Demonstrators against family separations attend a rally in front of the U.S. Custom House in downtown Charleston on June 30, 2018.
As the country continues to deal with the effects of family separations at the U.S.-Mexico border that dispersed unaccompanied children throughout the country
, various community groups are picking up the slack in helping to reunite them.
Vanessa Gongora, an unaccompanied alien children (UAC) case manager at Lutheran Services Carolinas, is one of the few people in Charleston tasked with making that happen.
When a shelter run by the Office of Refugee Resettlement decides that an unaccompanied minor can live with a sponsor while they await court proceedings, it is Gongora's job to visit the home and help provide various services to the child (if the shelter assigns post-release services to the child in question).
"We definitely need donations for unaccompanied minors in S.C.!" she said in an email to the City Paper
. "They need to raise money for legal fees ... and most live in poverty."
On June 26, a federal judge ordered
the Trump administration to stop separating families at the border and reunite families separated by the Justice Department's "zero tolerance" immigration policy within 30 days, or within 14 days for children under 5, according to the New York Times
. The policy prosecuted adults who crossed the southern border, placed them in detention, and housed their kids in various facilities across the country for as long as eight months, as was the case for one Brazilian mother and her 14-year-old child. That mother was a party in an American Civil Liberties Union lawsuit that led to the recent reunification.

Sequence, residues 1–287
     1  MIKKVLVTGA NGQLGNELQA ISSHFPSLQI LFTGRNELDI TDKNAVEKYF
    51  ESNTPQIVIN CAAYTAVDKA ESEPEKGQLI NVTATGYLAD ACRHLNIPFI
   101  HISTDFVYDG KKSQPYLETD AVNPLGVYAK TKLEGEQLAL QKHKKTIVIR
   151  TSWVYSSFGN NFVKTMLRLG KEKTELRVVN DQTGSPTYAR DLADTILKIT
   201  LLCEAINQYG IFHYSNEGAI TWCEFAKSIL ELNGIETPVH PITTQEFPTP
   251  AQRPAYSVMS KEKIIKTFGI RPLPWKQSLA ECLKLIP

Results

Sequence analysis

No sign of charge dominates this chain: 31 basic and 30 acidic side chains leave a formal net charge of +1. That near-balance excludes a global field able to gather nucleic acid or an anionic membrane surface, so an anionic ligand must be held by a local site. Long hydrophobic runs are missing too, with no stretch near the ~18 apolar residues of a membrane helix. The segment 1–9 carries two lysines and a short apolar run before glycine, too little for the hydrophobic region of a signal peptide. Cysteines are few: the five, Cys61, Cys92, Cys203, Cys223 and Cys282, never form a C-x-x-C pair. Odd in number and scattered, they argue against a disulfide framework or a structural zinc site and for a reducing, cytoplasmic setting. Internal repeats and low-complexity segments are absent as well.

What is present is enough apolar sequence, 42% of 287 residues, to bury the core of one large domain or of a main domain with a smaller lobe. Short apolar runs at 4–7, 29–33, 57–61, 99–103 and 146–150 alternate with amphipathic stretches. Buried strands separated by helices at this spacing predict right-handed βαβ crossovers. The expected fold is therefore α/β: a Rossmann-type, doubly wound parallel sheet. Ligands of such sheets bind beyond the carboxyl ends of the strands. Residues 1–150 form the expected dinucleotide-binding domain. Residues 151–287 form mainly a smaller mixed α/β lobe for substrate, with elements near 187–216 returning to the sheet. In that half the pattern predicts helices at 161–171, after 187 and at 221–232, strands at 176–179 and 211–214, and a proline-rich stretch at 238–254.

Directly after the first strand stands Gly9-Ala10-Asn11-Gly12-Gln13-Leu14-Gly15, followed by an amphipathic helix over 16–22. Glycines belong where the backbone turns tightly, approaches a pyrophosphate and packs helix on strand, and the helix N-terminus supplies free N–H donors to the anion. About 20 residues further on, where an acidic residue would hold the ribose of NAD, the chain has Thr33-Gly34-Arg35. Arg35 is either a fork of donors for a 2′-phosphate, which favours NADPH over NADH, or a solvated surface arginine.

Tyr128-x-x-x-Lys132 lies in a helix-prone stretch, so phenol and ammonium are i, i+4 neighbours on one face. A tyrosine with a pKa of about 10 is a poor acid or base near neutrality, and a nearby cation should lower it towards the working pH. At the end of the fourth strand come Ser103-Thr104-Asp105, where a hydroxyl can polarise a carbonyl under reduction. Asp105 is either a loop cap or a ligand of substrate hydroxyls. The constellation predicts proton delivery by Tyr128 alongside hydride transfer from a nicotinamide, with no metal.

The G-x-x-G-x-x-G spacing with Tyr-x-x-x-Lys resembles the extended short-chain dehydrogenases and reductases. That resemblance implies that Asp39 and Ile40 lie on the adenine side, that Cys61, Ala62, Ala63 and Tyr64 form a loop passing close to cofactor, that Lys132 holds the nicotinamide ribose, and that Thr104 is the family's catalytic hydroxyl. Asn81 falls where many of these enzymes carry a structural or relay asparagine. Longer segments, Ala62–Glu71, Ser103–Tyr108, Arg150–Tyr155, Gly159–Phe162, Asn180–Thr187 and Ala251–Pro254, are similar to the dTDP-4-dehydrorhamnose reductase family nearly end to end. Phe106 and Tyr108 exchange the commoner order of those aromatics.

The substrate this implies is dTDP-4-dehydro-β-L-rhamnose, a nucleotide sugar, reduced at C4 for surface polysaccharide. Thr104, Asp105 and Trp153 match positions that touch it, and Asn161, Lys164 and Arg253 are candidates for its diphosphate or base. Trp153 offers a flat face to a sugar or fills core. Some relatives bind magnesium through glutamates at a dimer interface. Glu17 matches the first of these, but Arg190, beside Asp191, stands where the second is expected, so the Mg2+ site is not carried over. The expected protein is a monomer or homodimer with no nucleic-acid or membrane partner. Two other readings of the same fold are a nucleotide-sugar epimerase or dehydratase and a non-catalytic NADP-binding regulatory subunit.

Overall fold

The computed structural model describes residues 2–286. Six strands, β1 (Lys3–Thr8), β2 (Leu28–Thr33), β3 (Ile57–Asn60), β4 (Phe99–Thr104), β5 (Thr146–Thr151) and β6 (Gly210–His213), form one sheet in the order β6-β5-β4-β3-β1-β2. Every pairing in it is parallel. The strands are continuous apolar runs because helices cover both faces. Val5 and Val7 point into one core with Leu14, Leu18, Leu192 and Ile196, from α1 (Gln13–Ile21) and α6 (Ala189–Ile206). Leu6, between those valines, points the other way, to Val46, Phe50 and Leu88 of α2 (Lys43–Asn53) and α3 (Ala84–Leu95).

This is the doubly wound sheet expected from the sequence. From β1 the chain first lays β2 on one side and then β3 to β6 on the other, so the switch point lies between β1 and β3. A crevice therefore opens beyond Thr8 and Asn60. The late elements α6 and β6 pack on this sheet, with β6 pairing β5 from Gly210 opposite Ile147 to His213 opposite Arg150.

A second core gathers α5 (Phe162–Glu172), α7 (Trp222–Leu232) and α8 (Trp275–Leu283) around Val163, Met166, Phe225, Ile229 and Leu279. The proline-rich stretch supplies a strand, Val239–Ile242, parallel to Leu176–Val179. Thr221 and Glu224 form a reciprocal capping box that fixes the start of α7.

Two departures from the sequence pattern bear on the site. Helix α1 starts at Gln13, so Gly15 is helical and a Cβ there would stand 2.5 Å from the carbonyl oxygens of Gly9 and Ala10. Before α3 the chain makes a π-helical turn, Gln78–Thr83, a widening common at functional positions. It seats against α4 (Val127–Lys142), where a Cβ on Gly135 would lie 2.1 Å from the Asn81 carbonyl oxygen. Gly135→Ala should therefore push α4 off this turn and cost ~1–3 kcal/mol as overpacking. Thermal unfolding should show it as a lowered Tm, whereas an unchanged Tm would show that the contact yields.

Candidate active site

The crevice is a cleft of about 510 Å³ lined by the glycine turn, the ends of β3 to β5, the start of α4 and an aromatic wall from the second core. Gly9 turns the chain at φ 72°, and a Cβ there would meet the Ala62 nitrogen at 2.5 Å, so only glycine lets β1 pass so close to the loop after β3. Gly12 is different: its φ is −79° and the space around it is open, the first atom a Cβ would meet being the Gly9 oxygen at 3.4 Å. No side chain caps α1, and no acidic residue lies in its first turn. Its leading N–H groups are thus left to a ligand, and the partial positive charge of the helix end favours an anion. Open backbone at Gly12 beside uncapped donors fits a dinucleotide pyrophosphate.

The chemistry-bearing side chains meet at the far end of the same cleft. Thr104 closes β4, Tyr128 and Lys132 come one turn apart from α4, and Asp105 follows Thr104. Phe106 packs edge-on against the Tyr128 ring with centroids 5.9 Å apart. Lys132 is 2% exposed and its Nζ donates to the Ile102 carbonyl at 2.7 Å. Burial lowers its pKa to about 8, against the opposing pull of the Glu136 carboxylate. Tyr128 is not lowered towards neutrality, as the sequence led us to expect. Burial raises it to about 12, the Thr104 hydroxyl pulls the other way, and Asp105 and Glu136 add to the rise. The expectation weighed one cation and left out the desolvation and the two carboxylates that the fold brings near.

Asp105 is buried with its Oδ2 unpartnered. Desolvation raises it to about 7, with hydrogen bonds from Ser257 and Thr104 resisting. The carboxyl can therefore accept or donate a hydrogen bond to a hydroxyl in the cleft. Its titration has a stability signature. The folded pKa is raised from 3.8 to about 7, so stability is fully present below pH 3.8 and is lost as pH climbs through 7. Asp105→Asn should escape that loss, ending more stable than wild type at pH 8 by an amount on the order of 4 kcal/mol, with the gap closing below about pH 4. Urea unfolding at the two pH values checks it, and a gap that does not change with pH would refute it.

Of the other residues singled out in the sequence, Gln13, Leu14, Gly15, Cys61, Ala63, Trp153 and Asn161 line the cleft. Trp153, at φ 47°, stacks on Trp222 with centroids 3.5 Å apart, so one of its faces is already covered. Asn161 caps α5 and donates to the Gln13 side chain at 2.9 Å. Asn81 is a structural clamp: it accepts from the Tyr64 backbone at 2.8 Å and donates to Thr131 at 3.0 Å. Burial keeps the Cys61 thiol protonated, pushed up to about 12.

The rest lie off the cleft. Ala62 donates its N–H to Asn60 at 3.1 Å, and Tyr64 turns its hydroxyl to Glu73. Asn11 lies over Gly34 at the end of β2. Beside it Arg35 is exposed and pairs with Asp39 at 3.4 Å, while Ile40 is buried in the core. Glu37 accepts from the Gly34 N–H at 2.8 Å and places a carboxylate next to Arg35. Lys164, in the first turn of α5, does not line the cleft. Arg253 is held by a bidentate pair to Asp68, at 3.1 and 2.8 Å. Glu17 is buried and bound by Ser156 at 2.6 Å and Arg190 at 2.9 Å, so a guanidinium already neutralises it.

But more than 30 days after the judge's order, 711 children were still not reunited with their families
for one reason or another, according to CNN.
Gongora says that Lutheran Services Carolinas is "desperately"
seeking a Portuguese interpreter for one child and parent that have been recently reunited. (Those interested can email LSC program coordinator Nicole Netzel at email@example.com.) Those wishing to help monetarily can donate here
Below are four more Charleston-area community groups
helping the Latinx and immigrant communities year-round:
1. Barrier Island Free Medical Clinic
BIFMC provides free medical services to uninsured, low-income adults living or working on Johns, James, and Wadmalaw islands. Due to their location and services, they service a large population of migrant workers and Hispanic immigrants.
They are currently looking for volunteers who can serve as English/Spanish interpreters, volunteer office staff, and volunteer non-clinical patient navigators. You can donate at bifmc.org.
2. PASOS Tri-County
(Berkeley, Dorchester, and Charleston counties)
Founded in 2005 and headquartered in Columbia, PASOS (Spanish for 'steps') focuses on family health, early childhood, and parenting. The organization connects Latino families to education and services including prenatal care, state/federal aid, and family planning and reproductive health.
They are looking for volunteers to help with interpretation, transportation, database management and administrative assistance. Find more information at scpasos.org
on their work and how to donate.
3. Our Lady of Mercy
(Downtown and Johns Island)
This organization offers services like financial assistance, emergency food and clothes, dental and OB/GYN care, and youth education. They also provide services to agricultural farm workers. A Johns Island campus serves local sea islands (Johns, James, and Wadmalaw). The Neighborhood House campus serves the downtown area. They rely on the help of more than 300 volunteers. Visit olmoutreach.org
for more info on how to volunteer
4. Catholic Charities Legal Assistance for Immigrants
Offering help with family-based immigration cases, this group can help immigrant file for naturalization, Temporary Protected Status (TPS), and Deferred Action for Childhood Arrivals (DACA). Visit charitiessc.org
for more information or to donate.